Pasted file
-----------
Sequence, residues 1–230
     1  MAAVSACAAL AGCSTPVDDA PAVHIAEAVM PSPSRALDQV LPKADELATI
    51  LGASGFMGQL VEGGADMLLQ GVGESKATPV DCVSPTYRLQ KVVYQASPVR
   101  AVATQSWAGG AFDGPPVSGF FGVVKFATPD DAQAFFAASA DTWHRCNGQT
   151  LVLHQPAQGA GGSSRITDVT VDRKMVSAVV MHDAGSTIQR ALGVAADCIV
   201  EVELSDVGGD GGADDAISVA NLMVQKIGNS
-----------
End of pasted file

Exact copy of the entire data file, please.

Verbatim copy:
Sequence, residues 1–230
     1  MAAVSACAAL AGCSTPVDDA PAVHIAEAVM PSPSRALDQV LPKADELATI
    51  LGASGFMGQL VEGGADMLLQ GVGESKATPV DCVSPTYRLQ KVVYQASPVR
   101  AVATQSWAGG AFDGPPVSGF FGVVKFATPD DAQAFFAASA DTWHRCNGQT
   151  LVLHQPAQGA GGSSRITDVT VDRKMVSAVV MHDAGSTIQR ALGVAADCIV
   201  EVELSDVGGD GGADDAISVA NLMVQKIGNS